Miriam Elder, The Guardian
The Soviet Union was notorious for its endless form-filling and procrastination. Nothing much seems to have changed, as BBC Moscow correspondent discovered when she tried to get some dry cleaning done.
On the face of it, life in Moscow is not easy. Either you’re dodging speeding cars, or praying your plane won’t crash; paying an arm and a leg for groceries, or avoiding those who have availed themselves of the country’s dirt cheap vodka. But deeper down, there is something called the “Russian soul”. Without going into the details, this means that life in Russia – life in its cultural, philosophical sense – is richer than anywhere.
1. Moscow has the best theatre in the world, making London and New York look something like backwaters. Classics such as Chekhov and Gogol are constantly reinterpreted, new plays are performed, often with subtle (and not so subtle) commentary on the political scene. It’s not uncommon to leave the theatre in tears – you’ve felt something!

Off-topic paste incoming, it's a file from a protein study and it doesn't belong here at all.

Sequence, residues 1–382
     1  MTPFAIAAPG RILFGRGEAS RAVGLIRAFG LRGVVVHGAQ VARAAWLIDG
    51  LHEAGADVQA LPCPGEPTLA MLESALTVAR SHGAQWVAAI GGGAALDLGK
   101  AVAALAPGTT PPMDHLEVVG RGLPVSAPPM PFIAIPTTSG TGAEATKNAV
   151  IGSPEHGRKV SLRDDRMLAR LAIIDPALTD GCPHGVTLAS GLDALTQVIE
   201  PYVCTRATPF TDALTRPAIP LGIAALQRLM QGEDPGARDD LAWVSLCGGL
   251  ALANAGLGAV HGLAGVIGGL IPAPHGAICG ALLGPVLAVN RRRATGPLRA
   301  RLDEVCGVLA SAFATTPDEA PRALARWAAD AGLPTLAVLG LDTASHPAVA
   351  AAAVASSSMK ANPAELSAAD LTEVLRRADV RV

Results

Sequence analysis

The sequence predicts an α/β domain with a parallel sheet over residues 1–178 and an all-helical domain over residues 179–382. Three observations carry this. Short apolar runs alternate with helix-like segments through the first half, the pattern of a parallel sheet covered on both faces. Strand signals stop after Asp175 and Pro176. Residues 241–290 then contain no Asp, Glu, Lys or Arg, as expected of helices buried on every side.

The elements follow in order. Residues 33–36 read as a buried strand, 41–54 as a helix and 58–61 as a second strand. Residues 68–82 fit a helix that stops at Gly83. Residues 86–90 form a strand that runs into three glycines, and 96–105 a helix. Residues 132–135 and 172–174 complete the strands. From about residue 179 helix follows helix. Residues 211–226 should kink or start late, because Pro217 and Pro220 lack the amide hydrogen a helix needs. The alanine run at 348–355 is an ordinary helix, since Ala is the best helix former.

2. Life in Moscow is never boring; it is a sea of absurdity. Leave the house and you might run into a horse on the street. Why? Just because. Get into a taxi and you’ll be regaled with the driver’s life story – I’ve met everyone from former nuclear scientists to a man who claims to have been to Vladimir Putin’s home in East Germany in the 1980s. Amazing fashion (that lady who matched her leopard-print hat to her bag to her shoes, or that man with the mullet to end all mullets) also falls into this category.
3. The weather. Yes, the weather. You haven’t felt the true joy of spring until you’ve made it through a Russian winter.
4. The underground scene is still the underground scene. In the west, punk rock and street art have long sold out, capitulated to commercialisation. In Russia, punk rockers Pussy Riot are in jail for their performances. Radical artists Voina have been arrested over and over for their political art. They are truly fighting the system. ME